(1) Interested students, in consultation with three faculty sponsors from at least two departments, should present a detailed written proposal of their major (which has been signed by their faculty sponsors) to the Undergraduate Studies Advisory Committee no later than Friday before the midsemester break of each semester. One of the faculty sponsors should be identified as the chair of the supervising committee.
(2) Approval of the special major will be granted by the dean, on the recommendation of the Undergraduate Studies Advisory Committee. The committee will review the proposals and communicate their recommendations to the students before the preregistration period begins. As it deliberates, the committee may ask for additional information from the student, faculty sponsors, and other colleagues in related areas to assist in further refining and rewriting the original proposal. It is the expectation that the on-campus portions of the major will relay heavily on existing courses.
(3) Special majors must culminate in a capstone essay, or, where appropriate, other work, which will be evaluated by more than one faculty member. (In most cases, it is assumed that the faculty evaluators will be the faculty sponsors.) A detailed proposal of the capstone project must be submitted to the faculty sponsors by November 1 of the senior year. It is expected that a capstone essay will consist of between 30 and 50 pages (7,500-15,000 words).
(4) Changes in an individual program need the approval of the chair of the supervising committee and the dean. If students discover midstream that they are unable to complete the special major, it may be “dropped,” but they must then complete one of the traditional departmental majors. Retroactive proposals will not be considered. Thus, these programs should be well underway by the end of the junior year.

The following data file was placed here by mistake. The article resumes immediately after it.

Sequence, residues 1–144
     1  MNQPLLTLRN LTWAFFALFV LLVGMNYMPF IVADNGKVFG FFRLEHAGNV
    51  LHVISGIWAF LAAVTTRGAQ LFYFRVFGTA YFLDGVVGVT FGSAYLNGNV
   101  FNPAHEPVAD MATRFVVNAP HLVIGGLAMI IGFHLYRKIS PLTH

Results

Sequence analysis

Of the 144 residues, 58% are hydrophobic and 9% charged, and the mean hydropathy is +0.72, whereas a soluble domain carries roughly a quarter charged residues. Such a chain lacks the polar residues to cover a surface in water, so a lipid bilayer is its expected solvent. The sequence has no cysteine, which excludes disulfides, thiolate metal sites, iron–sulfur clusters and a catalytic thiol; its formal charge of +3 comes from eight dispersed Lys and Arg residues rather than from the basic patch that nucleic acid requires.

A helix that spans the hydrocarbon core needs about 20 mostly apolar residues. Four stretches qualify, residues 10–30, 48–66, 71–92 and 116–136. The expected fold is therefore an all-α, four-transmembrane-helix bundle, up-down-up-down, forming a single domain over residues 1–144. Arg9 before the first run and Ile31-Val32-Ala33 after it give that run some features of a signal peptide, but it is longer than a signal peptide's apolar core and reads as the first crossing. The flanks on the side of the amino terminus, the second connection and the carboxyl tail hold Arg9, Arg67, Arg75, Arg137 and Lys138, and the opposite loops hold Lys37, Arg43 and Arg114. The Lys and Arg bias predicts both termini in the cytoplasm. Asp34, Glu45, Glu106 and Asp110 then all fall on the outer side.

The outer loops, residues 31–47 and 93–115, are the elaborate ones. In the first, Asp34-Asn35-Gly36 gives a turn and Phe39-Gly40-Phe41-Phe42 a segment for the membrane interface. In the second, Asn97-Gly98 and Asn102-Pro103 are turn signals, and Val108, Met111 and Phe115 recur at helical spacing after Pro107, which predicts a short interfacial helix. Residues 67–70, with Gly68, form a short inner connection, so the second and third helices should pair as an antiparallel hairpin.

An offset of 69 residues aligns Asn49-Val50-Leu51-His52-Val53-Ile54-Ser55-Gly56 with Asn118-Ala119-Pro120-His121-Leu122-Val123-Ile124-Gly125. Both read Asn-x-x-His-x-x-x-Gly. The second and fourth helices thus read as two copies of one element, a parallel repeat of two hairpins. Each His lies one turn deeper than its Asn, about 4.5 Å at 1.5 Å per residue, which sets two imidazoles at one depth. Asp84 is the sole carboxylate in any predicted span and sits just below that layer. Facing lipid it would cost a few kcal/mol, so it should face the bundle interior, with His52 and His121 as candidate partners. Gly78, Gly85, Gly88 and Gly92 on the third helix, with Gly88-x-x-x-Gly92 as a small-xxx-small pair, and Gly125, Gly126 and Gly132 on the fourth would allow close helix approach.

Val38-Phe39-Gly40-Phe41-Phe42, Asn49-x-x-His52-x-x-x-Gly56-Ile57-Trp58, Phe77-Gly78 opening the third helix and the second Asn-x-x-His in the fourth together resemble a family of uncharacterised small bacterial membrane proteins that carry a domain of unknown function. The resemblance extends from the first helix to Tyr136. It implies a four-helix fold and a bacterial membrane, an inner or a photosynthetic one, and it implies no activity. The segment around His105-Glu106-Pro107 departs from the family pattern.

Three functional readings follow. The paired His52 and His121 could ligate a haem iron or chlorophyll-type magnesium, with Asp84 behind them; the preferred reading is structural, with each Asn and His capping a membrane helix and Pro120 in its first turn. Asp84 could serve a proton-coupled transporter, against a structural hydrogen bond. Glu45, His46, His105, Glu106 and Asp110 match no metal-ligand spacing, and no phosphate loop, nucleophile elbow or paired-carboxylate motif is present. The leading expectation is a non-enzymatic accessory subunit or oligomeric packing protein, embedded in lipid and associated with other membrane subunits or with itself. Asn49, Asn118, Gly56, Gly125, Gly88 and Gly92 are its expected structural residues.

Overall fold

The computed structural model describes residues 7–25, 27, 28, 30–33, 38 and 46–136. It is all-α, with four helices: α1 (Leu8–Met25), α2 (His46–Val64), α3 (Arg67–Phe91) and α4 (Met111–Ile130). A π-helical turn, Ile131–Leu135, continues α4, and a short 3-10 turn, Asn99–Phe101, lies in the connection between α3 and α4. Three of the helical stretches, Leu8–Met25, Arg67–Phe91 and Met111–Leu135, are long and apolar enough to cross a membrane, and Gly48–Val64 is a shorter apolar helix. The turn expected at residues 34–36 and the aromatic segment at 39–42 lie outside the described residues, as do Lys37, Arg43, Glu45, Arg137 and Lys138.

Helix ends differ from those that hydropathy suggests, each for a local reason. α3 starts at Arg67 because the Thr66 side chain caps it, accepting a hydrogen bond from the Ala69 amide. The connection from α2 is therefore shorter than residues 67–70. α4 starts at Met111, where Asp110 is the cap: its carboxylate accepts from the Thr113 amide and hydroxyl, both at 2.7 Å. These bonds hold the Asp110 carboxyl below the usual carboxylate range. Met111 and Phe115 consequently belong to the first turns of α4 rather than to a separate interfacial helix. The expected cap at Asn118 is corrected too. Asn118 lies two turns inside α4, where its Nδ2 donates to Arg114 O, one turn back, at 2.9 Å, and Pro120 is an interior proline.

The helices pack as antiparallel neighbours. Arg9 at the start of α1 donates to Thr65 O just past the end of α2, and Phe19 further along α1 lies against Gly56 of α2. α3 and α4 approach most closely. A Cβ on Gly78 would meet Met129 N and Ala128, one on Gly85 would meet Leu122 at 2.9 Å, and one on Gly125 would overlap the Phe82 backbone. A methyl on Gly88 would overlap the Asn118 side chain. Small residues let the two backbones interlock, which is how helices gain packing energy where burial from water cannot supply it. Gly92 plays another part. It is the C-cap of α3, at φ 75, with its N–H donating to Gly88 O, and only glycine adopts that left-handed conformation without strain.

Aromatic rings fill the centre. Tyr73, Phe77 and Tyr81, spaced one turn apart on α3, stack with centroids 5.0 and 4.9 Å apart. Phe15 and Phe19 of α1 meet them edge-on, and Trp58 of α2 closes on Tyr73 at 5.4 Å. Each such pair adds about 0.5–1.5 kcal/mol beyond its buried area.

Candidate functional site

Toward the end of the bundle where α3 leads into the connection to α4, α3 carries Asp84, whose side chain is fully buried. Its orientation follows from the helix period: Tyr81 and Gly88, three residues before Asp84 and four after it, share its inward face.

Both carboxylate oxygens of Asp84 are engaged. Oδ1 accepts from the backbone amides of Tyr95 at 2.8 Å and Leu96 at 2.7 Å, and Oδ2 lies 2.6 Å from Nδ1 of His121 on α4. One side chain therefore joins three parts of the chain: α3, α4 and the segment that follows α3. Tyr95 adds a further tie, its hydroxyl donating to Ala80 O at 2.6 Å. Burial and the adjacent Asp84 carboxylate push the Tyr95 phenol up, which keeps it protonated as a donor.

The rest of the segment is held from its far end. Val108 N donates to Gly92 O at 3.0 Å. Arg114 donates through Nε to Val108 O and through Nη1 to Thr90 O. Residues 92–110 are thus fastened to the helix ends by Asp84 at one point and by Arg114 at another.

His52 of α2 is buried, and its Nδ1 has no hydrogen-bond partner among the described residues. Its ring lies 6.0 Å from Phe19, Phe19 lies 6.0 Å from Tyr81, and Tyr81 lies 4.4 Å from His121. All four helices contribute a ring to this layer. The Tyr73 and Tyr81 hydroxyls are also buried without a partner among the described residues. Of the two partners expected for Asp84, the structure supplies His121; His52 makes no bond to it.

Arts and Letters News
A team of Notre Dame entrepreneurs has developed a sleep-enhancing kit and app designed to boost college students’ healthy rest, memory, learning, and mental health. The approach is based on the research of Associate Professor Jessica Payne, the Nancy O’Neill Collegiate Chair in Psychology and director of the Sleep, Stress, and Memory Lab. Read More >
Before he heads to law school, Notre Dame graduate Tyler Barron ’15 will have a front-row seat for the lawmaking process. Barron, a sociology and American studies major, has been selected for the Udall Foundation’s Native American Congressional Internship Program in Washington, D.C. He will work for 10 weeks this summer with U.S. Rep. Raul Grijalva, D-Arizona. Read More >
Josephine Massyngbaerde Ford, professor emerita of theology at the University of Notre Dame, died Saturday. She was 86. In 1965, when she came to Notre Dame as a New Testament and Rabbinic scholar, Ford was one of only two women on the University’s faculty, and three years later she became the first female Notre Dame faculty member to receive tenure. Read More >
With her Notre Dame sociology degree in hand, Sarah Hart ’15 is headed for the business world. When she starts work as a project manager at Epic, a software development company in the health care industry, her major has her set to succeed in a corporate environment. “It’s definitely given me a wide range of skills that can be applied to almost anything,” Hart said. Read More >